Mercy, Justice and Faith
At his Sermon on the Mount Jesus Christ said: “For if you love those who love you, what recompense will you have? Do not tax collectors do the same?... So be perfect, just as your heavenly Father is perfect.” Mt. 5:46-48.
To enter into the fullness of heaven we have to be made perfect, purified from all sin and attachment to sin: the sins of commission and omission. Thus, we pray for our deceased loved ones who we hope died in the state of grace, that is, without any mortal sin on their soul, but who need to make reparation for their sins.
An example: if a person stole your car and crashed it, but then repented and said, “Sorry”, we need to forgive him, but we should also have him pay back what he can for the damages; we offer mercy and justice for the common good, and for the healing of his soul.
Jesus died on the cross to take away our sins which is mercy, and he rose from the dead to win the grace never to sin again. Yet, we still sin, and so out of justice we must die because of our sins and then be purified from all sin and attachment to sin. When we remain in Christ by sanctifying grace, we can bear much fruit, as the Gospel of John 15:1-8 reminds us with regard to God trimming away the branches that do not bear fruit, so that we can bear more fruit. Jesus said to the servant who did not show mercy to the other servant, “„Should you not have had pity on your fellow servant, as I had pity on you?‟ Then in anger his master handed him over to the torturers until he should pay back the whole debt.” Mt. 18: 33-35. If we do not repair the damage our sins have caused by doing sufficient penance, we will have to “pay back the whole debt” in purgatory.
Thank God that Jesus Christ gives us the opportunity to show mercy even after our brothers and sisters have died in the Lord. When Jesus gave the power of the Keys to Kingdom of God to St. Peter, the rock on which Jesus would build his Church, the Lord Jesus said to him, “Whatever you bind on earth will be bound in heaven, whatever you loose on earth will be loosed in heaven.” Cf. Mt. 16:16-19
As the Vicar of Christ on earth the Pope has the power to write the remedial guidelines to help those in Purgatory, where the fiery love of God, over time, purifies people of their sins. Yet, we can reduce that time for them and for ourselves by seeking indulgences which helps us to become holier.
An indulgence is the remission of temporal punishment due to sin of which has already been forgiven, assuredly in the Sacrament of Confession. A plenary indulgence (complete remission) can be applied to oneself or to a deceased person once a day, for 21 days, by doing the following:
1. Make a good confession (efficacious to obtain an indulgence for 21 days);
2. Pray for the Pope‟s intentions: Our Father, Hail Mary, Glory Be;
3. Receive the Eucharist in the state of grace on the day of doing the indulgent work;
4. Complete the indulgent work such as praying a family Rosary, or prayerfully reading Sacred Scripture for 30 minutes, or praying the Rosary before the tabernacle;
5. And, the most difficult, be detached from all sin, even venial sin. Every time that sin comes to mind, you must detest it.
The partial completion of the above wins a partial indulgence. This work to help release the poor souls in purgatory takes much faith, hope and charity, because we do not see immediate results. The grace that we tap into to help our suffering friends in purgatory is called the Church‟s treasury.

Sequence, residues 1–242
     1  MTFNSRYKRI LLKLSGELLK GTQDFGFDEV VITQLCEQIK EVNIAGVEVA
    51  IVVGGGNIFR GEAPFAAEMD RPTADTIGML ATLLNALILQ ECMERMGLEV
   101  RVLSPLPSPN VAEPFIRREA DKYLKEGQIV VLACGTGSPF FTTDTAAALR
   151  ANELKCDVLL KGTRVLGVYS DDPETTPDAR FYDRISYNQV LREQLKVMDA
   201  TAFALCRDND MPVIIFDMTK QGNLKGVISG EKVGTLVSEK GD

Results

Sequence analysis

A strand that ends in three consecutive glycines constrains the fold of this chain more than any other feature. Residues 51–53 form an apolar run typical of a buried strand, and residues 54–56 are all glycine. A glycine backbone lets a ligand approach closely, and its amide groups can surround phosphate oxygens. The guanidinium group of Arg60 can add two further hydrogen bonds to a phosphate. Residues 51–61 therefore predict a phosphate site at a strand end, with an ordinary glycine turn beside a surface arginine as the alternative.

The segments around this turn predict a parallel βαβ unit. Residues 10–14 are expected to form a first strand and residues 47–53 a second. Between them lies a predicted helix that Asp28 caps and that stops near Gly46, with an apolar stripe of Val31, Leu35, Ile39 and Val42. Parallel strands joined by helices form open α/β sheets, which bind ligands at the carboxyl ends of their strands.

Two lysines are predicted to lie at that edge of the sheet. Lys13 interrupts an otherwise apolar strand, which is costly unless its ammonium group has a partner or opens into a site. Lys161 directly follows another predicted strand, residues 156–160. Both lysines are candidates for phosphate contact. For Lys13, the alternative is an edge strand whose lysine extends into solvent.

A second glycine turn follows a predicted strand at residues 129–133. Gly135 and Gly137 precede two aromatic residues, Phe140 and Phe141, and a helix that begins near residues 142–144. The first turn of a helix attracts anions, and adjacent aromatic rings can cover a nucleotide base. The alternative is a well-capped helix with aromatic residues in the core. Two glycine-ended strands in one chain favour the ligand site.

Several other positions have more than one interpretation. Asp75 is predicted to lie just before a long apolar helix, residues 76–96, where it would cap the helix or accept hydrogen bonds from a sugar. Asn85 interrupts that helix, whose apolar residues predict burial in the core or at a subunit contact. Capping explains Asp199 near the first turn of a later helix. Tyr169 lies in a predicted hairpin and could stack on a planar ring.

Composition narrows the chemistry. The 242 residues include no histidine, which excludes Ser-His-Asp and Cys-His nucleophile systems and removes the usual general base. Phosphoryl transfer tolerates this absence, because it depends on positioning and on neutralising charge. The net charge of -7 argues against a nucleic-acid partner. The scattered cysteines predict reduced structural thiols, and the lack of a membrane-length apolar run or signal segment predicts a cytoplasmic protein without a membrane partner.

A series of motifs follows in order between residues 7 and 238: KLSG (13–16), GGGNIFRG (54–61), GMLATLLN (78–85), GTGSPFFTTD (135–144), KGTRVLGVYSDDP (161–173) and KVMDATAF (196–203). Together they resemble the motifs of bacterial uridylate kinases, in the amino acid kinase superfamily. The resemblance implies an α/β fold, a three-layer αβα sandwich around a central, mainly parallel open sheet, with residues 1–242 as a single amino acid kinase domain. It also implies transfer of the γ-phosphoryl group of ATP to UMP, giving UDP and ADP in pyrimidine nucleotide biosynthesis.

We read in the Catechism of the Catholic Church:
#1475: In the communion o the saints, “a perennial link of charity exists between the faithful who have already reached their heavenly home, those who are expiating their sins in purgatory and those who are still pilgrims on earth. Between them there is, too, an abundant exchange of all good things.
In this wonderful exchange, the holiness of one profits others, well beyond the harm that the sin of one could cause others.
Thus recourse to the communion of saints lets the contrite sinner be more promptly and efficaciously purified of the punishment of sin.
#1476: We call these spiritual goods of the communion of saints the Church‟s treasury, which is “not the sum total of the material goods which have accumulated during the course of the centuries. On the contrary the „treasury of the Church‟ is the infinite value, which can never be exhausted, which Christ‟s merits have before God. They were offered so that the whole of mankind could be set free from sin and attain communion with the Father. In Christ, the Redeemer himself, the satisfactions and merits of his Redemption exist and find their efficacy.”
#1477: “This treasury includes as well the prayers and good works of the Blessed Virgin Mary. They are truly immense….
In the treasury, too, are the prayers and good works of all the saints, all those who have followed in the footsteps of Christ the Lord and by his grace have made their lives holy and carried out the mission the Father entrusted to them. In this way they attained their own salvation and at the same time cooperated in saving their brothers in the unity of the Mystical Body.”
In today‟s Gospel we hear of how Jesus wants us to deal with one another charitably and prudently, and that we are to “make friends for yourselves with dishonest wealth.” See Luke, 16:1-13. It seems to me that this, “dishonest wealth,” in a sense, is the grace that is stored up for us. For this extremely valuable grace of purification is not what we sinners earned, but what we, in a sense, dishonestly gain from Christ, the Blessed Virgin Mary, and all the Saints who suffered to gain that grace, and we can apply it to ourselves or deceased loved ones, as if it were our own.
Peace in Christ,
Fr. Thomas McCabe